‘Merely a Compliment’? Community Perceptions of Street Harassment in Melbourne, Australia


Community attitudes towards sexual and gender-based violence play a central role in normalising, excusing and minimising perpetrators’ actions, as well as fostering a violence-supportive culture. However, we currently know little regarding how members of the community understand or perceive ‘everyday’ or seemingly ‘minor’ forms of harassment and intrusion, such as street-based harassment, with most research focusing on sexual assault and rape. To address this gap, we conducted a mixed-methods, vignette-based survey with members of the community in Melbourne, Australia. The survey examined participants’ perceptions of five scenarios depicting incidents that might constitute street harassment, including the extent to which participants viewed the scenarios as harmful, complimentary or in breach of social norms, and who bore responsibility for the incident. Findings suggest that participants typically held progressive understandings of harassment, but they nonetheless drew on victim-blaming or minimising discourses at times. In closing, we consider the implications for future research and primary prevention work.

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Except where otherwise noted, content in this journal is licensed under a Creative Commons Attribution 4.0 International License.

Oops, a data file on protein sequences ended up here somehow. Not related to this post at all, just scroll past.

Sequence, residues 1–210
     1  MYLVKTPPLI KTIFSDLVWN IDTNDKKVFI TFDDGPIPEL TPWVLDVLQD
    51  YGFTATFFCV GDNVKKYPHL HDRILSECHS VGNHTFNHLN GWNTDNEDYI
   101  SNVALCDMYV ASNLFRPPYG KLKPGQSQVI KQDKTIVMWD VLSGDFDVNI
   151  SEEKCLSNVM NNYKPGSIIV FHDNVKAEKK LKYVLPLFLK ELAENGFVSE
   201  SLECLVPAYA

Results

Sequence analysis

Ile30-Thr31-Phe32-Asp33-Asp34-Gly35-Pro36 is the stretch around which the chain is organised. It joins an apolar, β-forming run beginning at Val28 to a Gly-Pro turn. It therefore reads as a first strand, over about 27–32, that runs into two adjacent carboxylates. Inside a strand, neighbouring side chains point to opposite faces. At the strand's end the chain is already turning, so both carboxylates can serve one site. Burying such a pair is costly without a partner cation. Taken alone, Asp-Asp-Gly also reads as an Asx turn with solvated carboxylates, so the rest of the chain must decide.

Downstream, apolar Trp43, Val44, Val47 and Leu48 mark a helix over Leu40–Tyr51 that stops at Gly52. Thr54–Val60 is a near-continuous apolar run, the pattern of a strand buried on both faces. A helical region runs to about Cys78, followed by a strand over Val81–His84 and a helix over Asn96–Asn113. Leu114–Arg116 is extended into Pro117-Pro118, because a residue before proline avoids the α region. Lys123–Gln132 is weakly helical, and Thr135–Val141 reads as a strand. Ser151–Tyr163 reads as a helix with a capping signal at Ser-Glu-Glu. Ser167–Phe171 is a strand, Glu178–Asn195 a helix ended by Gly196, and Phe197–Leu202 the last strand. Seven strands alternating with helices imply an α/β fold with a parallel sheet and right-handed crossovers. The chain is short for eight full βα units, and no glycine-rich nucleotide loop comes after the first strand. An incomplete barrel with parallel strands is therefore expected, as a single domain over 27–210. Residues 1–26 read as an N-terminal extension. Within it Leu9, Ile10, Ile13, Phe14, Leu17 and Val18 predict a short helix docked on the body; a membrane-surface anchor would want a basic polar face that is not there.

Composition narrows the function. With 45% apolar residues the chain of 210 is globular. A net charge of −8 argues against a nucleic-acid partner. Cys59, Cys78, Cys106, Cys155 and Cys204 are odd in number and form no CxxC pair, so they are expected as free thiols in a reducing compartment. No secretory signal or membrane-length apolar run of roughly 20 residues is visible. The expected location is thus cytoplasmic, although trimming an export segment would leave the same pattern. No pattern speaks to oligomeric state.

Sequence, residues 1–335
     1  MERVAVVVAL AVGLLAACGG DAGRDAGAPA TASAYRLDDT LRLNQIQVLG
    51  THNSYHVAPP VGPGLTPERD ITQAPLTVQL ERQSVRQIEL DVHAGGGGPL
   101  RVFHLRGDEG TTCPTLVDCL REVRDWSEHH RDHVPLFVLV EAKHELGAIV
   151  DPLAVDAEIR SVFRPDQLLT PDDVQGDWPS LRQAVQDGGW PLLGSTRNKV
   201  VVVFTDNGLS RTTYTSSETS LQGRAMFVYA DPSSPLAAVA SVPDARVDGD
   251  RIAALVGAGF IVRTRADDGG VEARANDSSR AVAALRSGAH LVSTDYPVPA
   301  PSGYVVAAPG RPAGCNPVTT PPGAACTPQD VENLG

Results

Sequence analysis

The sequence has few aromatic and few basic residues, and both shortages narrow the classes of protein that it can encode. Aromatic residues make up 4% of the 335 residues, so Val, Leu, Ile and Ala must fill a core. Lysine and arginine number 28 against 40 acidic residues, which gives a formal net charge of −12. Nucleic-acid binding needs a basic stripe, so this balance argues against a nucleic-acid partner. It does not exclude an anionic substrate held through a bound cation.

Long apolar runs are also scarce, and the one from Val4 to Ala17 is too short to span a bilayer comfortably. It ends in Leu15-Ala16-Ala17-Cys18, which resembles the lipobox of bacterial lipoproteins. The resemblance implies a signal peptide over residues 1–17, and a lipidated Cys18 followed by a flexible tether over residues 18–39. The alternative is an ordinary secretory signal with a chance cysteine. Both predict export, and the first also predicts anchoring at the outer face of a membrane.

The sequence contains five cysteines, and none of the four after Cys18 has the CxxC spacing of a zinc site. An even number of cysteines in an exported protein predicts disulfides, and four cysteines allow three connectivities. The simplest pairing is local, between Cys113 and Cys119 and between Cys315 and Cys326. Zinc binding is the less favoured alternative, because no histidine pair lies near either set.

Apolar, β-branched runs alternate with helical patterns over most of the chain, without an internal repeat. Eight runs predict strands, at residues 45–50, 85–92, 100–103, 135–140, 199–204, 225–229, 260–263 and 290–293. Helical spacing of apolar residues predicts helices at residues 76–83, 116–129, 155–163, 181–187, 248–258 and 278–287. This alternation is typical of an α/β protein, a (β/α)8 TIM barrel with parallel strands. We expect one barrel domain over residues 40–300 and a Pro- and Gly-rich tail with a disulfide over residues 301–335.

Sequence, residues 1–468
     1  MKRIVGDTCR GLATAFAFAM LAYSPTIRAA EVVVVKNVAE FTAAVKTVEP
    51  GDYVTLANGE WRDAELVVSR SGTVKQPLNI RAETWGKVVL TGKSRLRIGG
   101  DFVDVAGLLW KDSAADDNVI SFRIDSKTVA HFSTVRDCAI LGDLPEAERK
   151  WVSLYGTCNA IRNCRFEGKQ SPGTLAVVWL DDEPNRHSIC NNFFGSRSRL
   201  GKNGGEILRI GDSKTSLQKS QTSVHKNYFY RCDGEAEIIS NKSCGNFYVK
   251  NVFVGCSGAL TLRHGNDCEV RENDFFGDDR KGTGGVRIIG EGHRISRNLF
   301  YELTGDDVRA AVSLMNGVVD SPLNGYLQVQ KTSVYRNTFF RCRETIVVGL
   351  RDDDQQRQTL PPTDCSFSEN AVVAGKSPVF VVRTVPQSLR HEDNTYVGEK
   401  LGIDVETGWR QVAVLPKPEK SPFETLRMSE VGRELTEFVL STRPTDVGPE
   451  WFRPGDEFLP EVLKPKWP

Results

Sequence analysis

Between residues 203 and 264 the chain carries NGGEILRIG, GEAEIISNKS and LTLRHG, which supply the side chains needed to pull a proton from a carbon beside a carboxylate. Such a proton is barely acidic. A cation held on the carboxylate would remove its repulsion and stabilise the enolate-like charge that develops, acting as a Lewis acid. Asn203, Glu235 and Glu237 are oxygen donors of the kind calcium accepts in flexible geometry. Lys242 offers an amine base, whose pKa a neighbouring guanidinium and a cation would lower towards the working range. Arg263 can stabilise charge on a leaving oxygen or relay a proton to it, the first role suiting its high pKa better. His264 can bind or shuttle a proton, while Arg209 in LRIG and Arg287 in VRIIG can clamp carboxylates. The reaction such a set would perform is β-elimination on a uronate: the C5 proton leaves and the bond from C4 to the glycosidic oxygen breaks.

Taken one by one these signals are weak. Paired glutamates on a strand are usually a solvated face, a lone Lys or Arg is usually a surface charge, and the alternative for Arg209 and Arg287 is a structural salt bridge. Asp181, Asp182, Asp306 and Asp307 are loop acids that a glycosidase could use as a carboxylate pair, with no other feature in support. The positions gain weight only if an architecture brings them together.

Published: 2023-06-01
Pages:83 to 96
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How to Cite
Cullen-Rosenthal, E. and Fileborn, B. (2023) “‘Merely a Compliment’? Community Perceptions of Street Harassment in Melbourne, Australia”, International Journal for Crime, Justice and Social Democracy, 12(2), pp. 83-96. doi: 10.5204/ijcjsd.2218.

Author Biographies

University of Melbourne

Emily Cullen-Rosenthal is a PhD candidate in the School of Social and Political Sciences, University of Melbourne.Emily's PhD adopts a crip theoretical lens to contest ableism in public space.

The University of Melbourne

Dr Bianca Fileborn (she/they) is a Senior Lecturer in Criminology, University of Melbourne. Their recent research includes an ARC funded project examining victim-centred justice responses to street harassment, sexual violence in live music spaces and licensed venues, and sexual violence and LGBTQ+ communities. Bianca is the author of Reclaiming the night-time economy: unwanted sexual attention in pubs & clubs, and co-editor of #MeToo and the Politics of Social Change, and Geographies of Gender-Based Violence.